Research Topic

Metals and Neurodegeneration: Restoring the Balance

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Biometals such as copper, zinc and iron have key biological functions, however, aberrant metabolism can lead to detrimental effects on cell function and survival. These biometals have important roles in the brain, driving cellular respiration, antioxidant activity, intracellular signaling and many additional ...

Biometals such as copper, zinc and iron have key biological functions, however, aberrant metabolism can lead to detrimental effects on cell function and survival. These biometals have important roles in the brain, driving cellular respiration, antioxidant activity, intracellular signaling and many additional structural and enzymatic functions. There is now considerable evidence that abnormal biometal homeostasis is a key feature of many neurodegenerative diseases and may have an important role in the onset and progression of disorders such as Alzheimer’s, Parkinson’s, prion and motor neuron diseases. Recent studies also support biometal roles in a number of less common neurodegenerative disorders. The role of biometals in a growing list of brain disorders is supported by evidence from a wide range of sources including molecular genetics, biochemical studies and biometal imaging. These studies have spurred a growing interest in understanding the role of biometals in brain function and disease as well as the development of therapeutic approaches that may be able to restore the altered biometal chemistry of the brain. These approaches range from genetic manipulation of biometal transport to chelation of excess metals or delivery of metals where levels are deficient. A number of these approaches are offering promising results in cellular and animal models of neurodegeneration with successful translation to pre-clinical and clinical trials. At a time of aging populations and slow progress in development of neurotherapeutics to treat age-related neurodegenerative diseases, there is now a critical need to further our understanding of biometals in neurodegeneration. It is hoped that this will lead to exciting new treatment options and a greater understanding of disease processes. This issue will cover a broad range of topics related to biometals and their role in neurodegeneration or attempts to restore biometal homeostasis. It is hoped that this will inspire greater discussion and exchange of ideas in this crucial area of research and lead to positive outcomes for sufferers of these neurodegenerative diseases.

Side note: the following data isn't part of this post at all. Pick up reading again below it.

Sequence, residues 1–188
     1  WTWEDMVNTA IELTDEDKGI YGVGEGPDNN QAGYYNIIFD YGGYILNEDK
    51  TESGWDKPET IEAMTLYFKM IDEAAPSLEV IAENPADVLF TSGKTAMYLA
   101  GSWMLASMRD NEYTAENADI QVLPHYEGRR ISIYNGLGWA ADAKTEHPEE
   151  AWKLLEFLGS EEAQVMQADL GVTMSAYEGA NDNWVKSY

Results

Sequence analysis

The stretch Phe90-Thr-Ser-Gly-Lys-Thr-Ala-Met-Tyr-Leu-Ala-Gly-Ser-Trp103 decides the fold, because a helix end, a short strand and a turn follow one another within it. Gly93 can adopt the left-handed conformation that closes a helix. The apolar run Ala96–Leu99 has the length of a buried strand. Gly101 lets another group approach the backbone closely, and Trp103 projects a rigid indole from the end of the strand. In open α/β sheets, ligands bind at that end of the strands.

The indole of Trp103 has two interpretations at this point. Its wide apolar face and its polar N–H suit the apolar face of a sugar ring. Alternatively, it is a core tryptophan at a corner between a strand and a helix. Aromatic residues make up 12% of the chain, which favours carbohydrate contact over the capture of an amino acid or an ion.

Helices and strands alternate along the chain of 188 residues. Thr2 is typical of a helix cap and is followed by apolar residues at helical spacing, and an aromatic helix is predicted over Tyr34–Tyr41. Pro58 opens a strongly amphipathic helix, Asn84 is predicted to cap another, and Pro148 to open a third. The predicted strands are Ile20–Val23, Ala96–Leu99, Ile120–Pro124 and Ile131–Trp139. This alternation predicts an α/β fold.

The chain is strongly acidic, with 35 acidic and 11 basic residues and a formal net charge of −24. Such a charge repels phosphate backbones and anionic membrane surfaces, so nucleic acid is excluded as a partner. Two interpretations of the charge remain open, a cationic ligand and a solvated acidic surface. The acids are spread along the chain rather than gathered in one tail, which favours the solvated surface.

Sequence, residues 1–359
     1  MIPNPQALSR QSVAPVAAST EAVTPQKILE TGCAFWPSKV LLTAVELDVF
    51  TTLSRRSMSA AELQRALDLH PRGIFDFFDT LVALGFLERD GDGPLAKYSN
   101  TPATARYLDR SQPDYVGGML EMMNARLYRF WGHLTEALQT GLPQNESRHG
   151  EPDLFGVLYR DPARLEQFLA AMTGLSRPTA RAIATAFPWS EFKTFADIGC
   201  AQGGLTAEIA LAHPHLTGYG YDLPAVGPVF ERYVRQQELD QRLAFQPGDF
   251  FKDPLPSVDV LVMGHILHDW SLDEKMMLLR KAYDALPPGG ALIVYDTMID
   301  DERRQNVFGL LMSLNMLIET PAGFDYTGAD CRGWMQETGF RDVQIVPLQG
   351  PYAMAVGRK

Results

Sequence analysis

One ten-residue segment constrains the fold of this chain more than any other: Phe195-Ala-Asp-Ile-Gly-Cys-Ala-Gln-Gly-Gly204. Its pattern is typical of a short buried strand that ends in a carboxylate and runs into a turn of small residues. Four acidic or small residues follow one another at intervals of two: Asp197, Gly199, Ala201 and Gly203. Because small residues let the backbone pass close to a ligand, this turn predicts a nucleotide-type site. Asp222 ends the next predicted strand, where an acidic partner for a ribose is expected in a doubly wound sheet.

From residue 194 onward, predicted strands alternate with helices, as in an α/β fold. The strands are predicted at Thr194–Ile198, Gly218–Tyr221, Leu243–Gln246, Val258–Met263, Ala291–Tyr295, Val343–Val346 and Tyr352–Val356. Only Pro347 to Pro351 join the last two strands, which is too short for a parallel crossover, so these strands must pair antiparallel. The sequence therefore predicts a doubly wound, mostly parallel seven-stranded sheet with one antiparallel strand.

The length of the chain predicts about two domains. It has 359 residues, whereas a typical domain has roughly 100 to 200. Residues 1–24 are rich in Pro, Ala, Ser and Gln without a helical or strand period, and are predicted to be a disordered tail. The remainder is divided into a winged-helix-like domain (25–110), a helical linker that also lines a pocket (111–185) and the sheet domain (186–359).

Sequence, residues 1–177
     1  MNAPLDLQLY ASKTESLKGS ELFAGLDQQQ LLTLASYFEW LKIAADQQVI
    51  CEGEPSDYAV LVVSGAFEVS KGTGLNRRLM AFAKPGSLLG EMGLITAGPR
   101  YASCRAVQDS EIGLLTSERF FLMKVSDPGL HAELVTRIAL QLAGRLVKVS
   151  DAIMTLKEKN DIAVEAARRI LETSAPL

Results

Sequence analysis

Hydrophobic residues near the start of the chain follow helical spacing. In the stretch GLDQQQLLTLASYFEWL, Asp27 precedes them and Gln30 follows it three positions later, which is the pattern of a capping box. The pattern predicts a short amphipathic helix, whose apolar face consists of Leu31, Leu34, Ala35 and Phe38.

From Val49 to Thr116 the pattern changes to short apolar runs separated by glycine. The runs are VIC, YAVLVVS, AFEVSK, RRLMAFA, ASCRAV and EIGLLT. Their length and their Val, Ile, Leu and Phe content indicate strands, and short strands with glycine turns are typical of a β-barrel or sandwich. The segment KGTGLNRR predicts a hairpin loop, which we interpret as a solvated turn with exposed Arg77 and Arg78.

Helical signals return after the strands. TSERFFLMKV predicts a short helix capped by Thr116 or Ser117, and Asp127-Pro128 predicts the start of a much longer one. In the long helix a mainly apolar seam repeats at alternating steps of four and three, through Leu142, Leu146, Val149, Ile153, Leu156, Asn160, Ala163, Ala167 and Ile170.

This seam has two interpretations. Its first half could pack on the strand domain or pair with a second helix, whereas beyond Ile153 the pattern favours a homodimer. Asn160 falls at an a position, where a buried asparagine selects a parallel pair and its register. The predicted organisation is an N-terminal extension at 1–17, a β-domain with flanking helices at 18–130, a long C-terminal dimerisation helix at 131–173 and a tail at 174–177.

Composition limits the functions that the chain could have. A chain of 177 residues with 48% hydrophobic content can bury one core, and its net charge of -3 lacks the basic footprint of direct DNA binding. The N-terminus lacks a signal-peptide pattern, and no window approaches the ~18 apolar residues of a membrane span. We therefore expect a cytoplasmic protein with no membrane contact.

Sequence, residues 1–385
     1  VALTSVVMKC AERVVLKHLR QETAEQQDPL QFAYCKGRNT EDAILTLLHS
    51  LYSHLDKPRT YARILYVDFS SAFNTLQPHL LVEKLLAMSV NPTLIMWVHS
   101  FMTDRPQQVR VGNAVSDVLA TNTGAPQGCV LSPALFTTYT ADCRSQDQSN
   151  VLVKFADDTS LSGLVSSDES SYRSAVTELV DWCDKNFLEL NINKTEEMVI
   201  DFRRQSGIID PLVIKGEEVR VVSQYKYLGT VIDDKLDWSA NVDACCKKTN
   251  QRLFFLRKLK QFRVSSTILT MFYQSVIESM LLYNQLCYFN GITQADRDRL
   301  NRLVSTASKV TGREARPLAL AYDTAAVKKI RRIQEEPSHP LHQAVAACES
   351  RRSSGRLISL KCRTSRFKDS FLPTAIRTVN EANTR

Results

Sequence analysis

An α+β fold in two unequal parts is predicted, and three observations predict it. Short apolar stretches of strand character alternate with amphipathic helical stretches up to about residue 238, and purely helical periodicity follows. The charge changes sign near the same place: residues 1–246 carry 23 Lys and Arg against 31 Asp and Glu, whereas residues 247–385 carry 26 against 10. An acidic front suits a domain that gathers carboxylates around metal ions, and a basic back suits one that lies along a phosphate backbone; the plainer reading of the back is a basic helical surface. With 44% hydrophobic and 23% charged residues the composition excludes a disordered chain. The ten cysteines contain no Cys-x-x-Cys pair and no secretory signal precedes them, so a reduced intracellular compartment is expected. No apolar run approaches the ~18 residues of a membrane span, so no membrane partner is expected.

Topics may include but are not limited to:

• Biometals e.g., copper, zinc, iron or other trace elements and their role in neurodegenerative diseases
• Biometals in rare neurodegenerative disorders
• Neurochemistry of biometals
• Imaging biometals in the brain
• Biometal neurotoxicity
• Glial metabolism of biometals
• Biometal transport in the brain
• Diet, biometals and neurodegeneration
• Biometals and cell signaling – role in neurodegeneration
• Biometal therapies
• Biometal chelation
• Biometal delivery
• Metallo-complexes as therapeutic compounds


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